Longer school days 'could aid poor'

Longer school days could help boost the results of poorer children by giving them somewhere to do their homework, a cross-party group of MPs has suggested.

Guidance is needed on how longer school days could help children from disadvantaged communities, MPs have said
Guidance is needed on how longer school days could help children from disadvantaged communities, MPs have said

In a new report, the Commons Education Select Committee said that new guidance is needed on how extended school days can help youngsters from disadvantaged communities.

It also called for the Government to examine which incentives would encourage good teachers to work in disadvantaged schools, arguing that schools serving poor white communities "need a better chance of winning".

The recommendations come in a new report by the committee on the under-achievement of white working-class children.

It warns that these youngsters are falling far behind their classmates and their potential will be left "unlocked" if swift action is not taken to improve their achievement in school.

Figures show that just under a third (32%) of poor white British children got at least five C grades at GCSE, including English and maths last year, compared with 61.5% of poor children from an Indian background and 76.8% of poor children from a Chinese background.

At the same time, the gap in results between poor white children and their richer classmates has hardly changed in the last seven years, the report says, and the attainment of poor children from other ethnic backgrounds is improving faster than that of poor white children.

The committee also found that white British students from disadvantaged families spend fewer evenings per week doing their homework, and have a higher absence rate from school than many other ethnic groups.

In the past children who left school without decent exam results would have spent their working life doing routine manual work in factories, now they are more likely to end up as "Neet" (not in education, employment or training), it added.

"This problem must be tackled by ensuring that the best teachers and leaders are incentivised to work in the schools and areas that need them most, and by providing better advice and guidance to young people," the report says.

"Schools face a battle for resources and talent, and those serving poor white communities need a better chance of winning.

"Poor white children in rural and coastal areas have been "unseen" for too long; unless such steps are taken, the potential of white working-class children will be left unlocked, and the effects of the current trend will continue to be felt beyond the school gates."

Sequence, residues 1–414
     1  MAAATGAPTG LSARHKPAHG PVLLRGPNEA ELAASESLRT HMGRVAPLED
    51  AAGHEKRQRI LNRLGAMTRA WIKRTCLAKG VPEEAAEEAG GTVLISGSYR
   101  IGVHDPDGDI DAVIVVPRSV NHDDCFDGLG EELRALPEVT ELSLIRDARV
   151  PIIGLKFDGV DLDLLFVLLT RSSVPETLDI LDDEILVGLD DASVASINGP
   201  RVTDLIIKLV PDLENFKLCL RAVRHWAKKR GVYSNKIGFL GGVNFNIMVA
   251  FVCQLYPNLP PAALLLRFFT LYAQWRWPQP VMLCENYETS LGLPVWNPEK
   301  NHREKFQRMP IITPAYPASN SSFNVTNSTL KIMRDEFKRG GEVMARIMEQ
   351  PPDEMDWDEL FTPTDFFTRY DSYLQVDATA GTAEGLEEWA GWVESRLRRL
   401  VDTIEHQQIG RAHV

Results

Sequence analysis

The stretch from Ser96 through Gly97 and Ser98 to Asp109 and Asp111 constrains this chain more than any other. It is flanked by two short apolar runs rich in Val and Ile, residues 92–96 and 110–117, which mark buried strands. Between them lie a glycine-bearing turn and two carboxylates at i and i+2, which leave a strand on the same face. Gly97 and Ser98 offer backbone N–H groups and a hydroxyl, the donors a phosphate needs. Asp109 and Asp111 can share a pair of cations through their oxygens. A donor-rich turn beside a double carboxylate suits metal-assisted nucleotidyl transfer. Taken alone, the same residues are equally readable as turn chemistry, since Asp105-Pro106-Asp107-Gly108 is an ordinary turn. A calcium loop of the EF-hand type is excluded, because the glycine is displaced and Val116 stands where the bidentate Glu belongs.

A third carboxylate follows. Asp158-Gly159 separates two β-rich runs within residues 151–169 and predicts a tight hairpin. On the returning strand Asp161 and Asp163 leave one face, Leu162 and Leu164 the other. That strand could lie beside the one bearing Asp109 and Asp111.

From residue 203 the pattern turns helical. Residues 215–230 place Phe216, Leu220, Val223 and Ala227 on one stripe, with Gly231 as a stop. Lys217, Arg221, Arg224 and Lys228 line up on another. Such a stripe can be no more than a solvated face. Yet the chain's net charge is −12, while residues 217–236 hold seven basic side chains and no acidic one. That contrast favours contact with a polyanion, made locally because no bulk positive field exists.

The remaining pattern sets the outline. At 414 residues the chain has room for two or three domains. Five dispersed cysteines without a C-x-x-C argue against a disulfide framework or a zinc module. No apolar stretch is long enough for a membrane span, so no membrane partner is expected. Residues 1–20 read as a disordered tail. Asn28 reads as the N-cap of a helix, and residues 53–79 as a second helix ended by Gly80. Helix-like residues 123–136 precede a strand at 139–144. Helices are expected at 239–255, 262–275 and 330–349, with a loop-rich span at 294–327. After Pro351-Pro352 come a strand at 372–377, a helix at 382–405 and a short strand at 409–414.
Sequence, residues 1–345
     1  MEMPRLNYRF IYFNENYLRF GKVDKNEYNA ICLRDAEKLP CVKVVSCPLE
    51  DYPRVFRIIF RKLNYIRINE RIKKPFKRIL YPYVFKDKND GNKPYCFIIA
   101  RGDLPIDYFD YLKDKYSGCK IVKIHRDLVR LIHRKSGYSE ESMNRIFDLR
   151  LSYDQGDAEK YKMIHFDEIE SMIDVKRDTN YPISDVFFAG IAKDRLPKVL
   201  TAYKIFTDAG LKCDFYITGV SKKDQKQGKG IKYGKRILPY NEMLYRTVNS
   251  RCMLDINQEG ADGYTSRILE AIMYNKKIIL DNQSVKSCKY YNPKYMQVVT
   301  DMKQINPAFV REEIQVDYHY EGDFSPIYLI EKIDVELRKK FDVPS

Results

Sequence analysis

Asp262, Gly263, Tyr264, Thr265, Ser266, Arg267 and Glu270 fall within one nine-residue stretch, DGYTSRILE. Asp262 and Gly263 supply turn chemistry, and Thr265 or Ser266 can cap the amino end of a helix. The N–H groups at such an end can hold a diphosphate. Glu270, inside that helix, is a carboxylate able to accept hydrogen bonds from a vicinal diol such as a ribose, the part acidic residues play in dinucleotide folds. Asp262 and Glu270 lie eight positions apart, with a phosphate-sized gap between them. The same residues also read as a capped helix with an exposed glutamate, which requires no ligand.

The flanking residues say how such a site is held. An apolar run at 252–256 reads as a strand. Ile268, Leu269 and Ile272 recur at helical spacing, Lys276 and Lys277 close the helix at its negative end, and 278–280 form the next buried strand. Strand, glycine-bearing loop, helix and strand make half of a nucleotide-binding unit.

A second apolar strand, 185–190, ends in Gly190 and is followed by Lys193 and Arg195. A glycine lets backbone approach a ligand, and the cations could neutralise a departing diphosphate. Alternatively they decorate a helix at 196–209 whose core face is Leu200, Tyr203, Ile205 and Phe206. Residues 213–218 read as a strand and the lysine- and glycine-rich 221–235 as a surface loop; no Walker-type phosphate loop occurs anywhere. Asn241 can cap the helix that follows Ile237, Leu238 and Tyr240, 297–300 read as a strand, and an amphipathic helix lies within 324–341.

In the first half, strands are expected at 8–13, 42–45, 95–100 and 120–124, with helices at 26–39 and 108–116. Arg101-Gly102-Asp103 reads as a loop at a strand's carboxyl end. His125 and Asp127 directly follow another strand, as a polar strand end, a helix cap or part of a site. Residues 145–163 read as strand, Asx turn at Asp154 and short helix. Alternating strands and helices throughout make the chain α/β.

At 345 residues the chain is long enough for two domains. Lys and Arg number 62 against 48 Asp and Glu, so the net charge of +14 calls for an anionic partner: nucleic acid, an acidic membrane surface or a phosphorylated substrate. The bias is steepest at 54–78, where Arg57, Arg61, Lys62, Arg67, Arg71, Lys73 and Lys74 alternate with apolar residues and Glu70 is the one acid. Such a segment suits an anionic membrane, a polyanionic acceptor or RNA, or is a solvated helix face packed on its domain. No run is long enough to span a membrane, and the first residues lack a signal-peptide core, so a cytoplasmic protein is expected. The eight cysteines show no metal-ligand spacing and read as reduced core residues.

The report calls for Ofsted to publish a best practice report on longer school days to give schools advice on how extended hours can help poorer children.

"The current trend towards longer school days presents and opportunity for schools to provide space and time for students from lower socio-economic backgrounds to complete homework, which may particularly benefit white working-class children," the committee said.

The report concludes that there are many reasons for the under-achievement of poor white children, including "matters in home life, school practices and wider social policies".

It adds that it is clear that schools can make a "dramatic difference" to disadvantaged children.

Committee chairman Graham Stuart said: "Poor white British children now come out of our schools with worse qualifications than equally poor children in any other major ethnic group. They do less homework and are more likely to miss school than other groups.

"We don't know how much of the under-performance is due to poor attitudes to school, a lack of work ethic or weak parenting. What is certain is that great schools make a significant difference in turning poor children's education around.

"The problem of poor, white British under-attainment is real and the gap between those children and their better-off class mates starts in their earliest school years and then widens as they get older.

"However, we also know that the effect of attending an outstanding school is transformational for poor children because it doubles their chance of success at GCSE."

The report came as Ofsted chief Sir Michael Wilshaw warned that the gap between white British children from poorer families and those from other ethnic groups must be closed to catch up with the world's leading nations.

"Immigrant communities are doing very well educationally and it should be recognised that they've added value to this country's performance," he said in an interview with The Times.

Poverty was all too often used as an excuse for failure by white working-class families, he added, saying: "It's not about income or poverty. Where families believe in education they do well. If they love their children they should support them in schools."

A Department for Education spokesman said: "The over-riding objective of our reforms is to improve the attainment of the poorest children in society - and we are already seeing real improvements.

"We have made it easier for all schools, not just academies and free schools, to extend the length of the school day. This can transform long-term under-performing schools, demonstrated by the likes of Great Yarmouth Primary Academy.

"Dozens of brilliant sponsors are turning around weak schools, which often have challenging intakes, and there are now a quarter of a million fewer children in failing secondary schools than there were in 2010.

"We also introduced the Pupil Premium, now worth £2.5 billion a year, so schools and headteachers have the resources to raise standards among disadvantaged children